After that Edward Sharpe show I was ready for some country or blue grass. I brought my jug of red wine and bag of peanuts and was ready to finish them both in the hour and a half it took them to start and finish their set. I had no idea that within 2 songs after introducing Twenty-somethings they were going to sing We built this city (with synchronized dancing and electro drums, then ignition (remix), then lose yourself. Eventually they brought ‘shark attack’ onto the stage to freestyle rap with one of the members of their band. Ken was calling for 99 problems but they never played it.
Although the band was a lot more loose, the crowd was a lot more subdued than the Snarky Puppy show. This could’ve been due to the Taste of Chicago, or the fact they’re not as big as Snarky Puppy, but that’s #truth.
The band had great energy and for being a 6 piece they were having a blast hanging out and playing music together. The music of country/blue grass/rap and cover songs were an interesting mix but it was clearly something they enjoyed doing. The songs were something that they enjoyed listening to and thus playing as a band and that enjoyment transferred through with their songs.
Especially after listening to their recorded material they sound like a fairly chilled band, but the live show made them seem more like a pop or rock band that just so happened to have long hair, big beards and banjos.
No good conversation in Chicago starts without the weather, so I’ll address that first.
It’s been raining heavily lately, with tornado’s touching down earlier in the week just outside of the city. Some solar storms headed our way and thus the weather has been nuts. There was a major thunderstorm the previous night and the outlook for the the day of the show was not good, with the weather channel calling for rain just before the show started. We arrived around 6:05 (I’m estimating) and found a seat about 20 feet back from the front of the lawn. We brought peanuts and red wine. Obviously. My love for peanuts will soon become apparent.
Shortly after we arrived it started to drizzle. The drizzle continued for 10 minutes, then it was done. I was relieved to not be sitting in a lawn soaked to the bone, with wet peanuts. The rain stayed away for the remainder of the night but as you can see down the post a nice fog moved in, engulfing the buildings in front of us.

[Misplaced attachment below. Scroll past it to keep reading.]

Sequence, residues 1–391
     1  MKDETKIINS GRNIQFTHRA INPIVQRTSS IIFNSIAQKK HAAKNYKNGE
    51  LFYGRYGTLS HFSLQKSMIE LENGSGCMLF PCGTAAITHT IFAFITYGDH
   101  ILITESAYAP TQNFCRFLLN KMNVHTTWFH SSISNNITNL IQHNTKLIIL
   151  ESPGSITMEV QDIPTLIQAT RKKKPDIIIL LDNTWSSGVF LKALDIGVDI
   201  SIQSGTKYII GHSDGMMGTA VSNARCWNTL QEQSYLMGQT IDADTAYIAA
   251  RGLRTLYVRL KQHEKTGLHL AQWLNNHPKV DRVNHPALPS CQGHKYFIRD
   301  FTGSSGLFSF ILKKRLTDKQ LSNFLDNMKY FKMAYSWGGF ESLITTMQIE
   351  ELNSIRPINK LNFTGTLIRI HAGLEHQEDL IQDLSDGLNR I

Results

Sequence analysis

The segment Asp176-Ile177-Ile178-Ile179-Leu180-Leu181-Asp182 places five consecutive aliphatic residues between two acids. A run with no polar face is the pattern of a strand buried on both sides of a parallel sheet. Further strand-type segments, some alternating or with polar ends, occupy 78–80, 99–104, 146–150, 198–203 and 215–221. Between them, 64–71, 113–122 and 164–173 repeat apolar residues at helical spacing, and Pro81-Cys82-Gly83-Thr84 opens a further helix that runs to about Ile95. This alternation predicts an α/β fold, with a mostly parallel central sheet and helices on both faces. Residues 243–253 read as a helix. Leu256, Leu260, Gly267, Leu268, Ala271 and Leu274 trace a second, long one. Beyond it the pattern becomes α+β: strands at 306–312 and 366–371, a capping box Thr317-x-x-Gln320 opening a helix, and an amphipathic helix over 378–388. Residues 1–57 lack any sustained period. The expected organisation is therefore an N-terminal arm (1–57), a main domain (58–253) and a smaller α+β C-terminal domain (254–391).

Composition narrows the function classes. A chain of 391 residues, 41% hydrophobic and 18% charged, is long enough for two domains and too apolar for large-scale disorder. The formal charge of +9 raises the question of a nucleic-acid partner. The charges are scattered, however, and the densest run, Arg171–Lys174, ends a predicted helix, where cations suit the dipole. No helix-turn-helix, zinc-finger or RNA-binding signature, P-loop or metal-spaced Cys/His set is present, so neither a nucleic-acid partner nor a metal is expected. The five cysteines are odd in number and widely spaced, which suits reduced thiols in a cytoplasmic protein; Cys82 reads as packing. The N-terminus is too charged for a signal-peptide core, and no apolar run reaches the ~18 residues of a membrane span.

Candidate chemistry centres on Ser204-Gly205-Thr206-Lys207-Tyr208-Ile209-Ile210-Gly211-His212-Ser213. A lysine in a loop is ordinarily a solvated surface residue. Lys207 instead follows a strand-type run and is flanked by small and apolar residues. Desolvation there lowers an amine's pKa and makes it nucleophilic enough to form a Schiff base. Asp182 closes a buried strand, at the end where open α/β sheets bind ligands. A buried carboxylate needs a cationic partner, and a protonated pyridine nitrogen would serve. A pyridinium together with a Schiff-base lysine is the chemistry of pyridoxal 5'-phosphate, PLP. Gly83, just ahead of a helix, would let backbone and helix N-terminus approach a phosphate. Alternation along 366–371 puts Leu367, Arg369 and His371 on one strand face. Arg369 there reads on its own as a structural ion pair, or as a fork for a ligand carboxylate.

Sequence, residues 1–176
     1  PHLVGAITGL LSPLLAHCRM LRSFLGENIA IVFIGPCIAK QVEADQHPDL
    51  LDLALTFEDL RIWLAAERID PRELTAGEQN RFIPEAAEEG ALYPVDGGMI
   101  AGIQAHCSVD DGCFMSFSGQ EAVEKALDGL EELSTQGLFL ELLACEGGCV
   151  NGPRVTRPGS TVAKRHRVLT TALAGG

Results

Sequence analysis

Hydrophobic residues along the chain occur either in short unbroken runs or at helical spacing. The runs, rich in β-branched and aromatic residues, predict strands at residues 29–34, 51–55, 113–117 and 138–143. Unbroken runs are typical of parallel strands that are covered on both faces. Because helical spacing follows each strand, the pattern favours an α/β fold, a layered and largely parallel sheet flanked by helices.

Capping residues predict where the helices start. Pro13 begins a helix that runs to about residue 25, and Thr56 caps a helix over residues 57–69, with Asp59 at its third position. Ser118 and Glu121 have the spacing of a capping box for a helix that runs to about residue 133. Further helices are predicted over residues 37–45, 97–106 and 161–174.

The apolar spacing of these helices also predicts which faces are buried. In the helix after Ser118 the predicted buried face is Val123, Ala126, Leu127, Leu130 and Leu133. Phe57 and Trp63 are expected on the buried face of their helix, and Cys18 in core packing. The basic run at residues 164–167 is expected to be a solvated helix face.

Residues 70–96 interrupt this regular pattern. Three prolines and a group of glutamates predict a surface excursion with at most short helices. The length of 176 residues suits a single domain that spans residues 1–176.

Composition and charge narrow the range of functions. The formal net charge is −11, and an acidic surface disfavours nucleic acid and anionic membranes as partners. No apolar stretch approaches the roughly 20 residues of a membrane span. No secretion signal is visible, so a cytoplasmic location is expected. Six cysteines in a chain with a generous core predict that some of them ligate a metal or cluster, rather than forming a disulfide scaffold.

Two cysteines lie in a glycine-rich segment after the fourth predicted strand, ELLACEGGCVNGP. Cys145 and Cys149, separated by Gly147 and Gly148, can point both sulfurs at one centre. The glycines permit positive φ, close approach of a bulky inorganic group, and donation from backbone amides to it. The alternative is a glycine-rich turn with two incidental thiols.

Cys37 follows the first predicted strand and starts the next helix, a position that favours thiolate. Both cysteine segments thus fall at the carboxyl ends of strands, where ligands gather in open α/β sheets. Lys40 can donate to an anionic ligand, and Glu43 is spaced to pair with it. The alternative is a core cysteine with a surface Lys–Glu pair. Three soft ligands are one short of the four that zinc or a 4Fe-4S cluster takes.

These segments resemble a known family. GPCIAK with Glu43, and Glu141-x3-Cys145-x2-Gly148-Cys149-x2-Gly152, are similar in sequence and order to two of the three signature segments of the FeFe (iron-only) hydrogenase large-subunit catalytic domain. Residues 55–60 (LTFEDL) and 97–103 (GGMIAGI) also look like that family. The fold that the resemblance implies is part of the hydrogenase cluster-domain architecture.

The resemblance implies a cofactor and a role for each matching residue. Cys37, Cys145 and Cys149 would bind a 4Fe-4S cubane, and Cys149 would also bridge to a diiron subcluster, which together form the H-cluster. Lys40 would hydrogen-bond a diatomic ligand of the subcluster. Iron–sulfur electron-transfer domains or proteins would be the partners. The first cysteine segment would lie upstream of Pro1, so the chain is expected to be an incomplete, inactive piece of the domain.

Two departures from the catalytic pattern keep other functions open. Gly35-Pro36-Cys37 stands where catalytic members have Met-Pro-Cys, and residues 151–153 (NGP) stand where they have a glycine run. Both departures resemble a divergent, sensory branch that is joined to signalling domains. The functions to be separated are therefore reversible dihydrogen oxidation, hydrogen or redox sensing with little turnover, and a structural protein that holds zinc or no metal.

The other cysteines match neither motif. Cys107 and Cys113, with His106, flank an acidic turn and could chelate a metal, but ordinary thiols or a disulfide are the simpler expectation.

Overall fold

At 6:30 they started the show and Third Coast Percussion played what must have been a Steve Reich song, as they played a monotonous, lovely mostly percussive piece for at least 45 minutes. (in time I’ll get on my game with this review thing, I’m sharing my experiences) Members of Snarky Puppy joined them on stage, but as you can see by the above picture, I had a difficult time making anyone out, as this dude started the standing, then slowly throughout the song everyone from different walks of life chose to stand there. Why get the front most spot if you’re going to stand? But anyways.
Snarky Puppy came on and tore it up. I first heard of them through a Drumeo video with their drummer, Larnell Lewis. Shortly after watching this video during a conversation with a good friend he mentioned he’s been listening to them a lot lately. Shortly after that one of my drum students mentioned he’d been listening to them, since they’re playing Millennium Park. I tell ya, you need the young kids around always to help keep you in the loop.
After the first conversation I gave everything they have on spotify a listen. It’s a jazz funk hip hop type of thing, with great musicians whom all have played and continue to play with some bigger names in the music BIZ. Not that you can necessarily hear those influences straight up, but they’re sought after in their own accord. Thus combining them to form a type of supergroup, if you will, they really know what they’re doing. Hearing them on recording is one thing, but to truly experience them in the live setting is a whole new experience. Not just because it’s cool to realize that 20-somethings really enjoy this type of music, but experiencing it live gives a whole new type of movement to the music, which could otherwise be lost in a purely audio setting. Don’t get me wrong, the music still swings on their releases, but experiencing it helps gives another appreciation for it.
They played around an hour and a half, coming back on for an encore (I think it was Lingus?) with 2 of the members wearing Blackhawks jersey’s. The sets continued to be lively, with each member receiving their own time to solo. Being a drummer watching Larnell and their percussionist tear it up on a few occasions were a site to behold. I would’ve loved to see them the previous 2 nights at City Winery, and I could only imagine what type of energy would be happening in such a tight environment, but given the giant space and beauty that is the Pritzker Pavilion in Chicago, they did an excellent job transforming their energy to the crowd.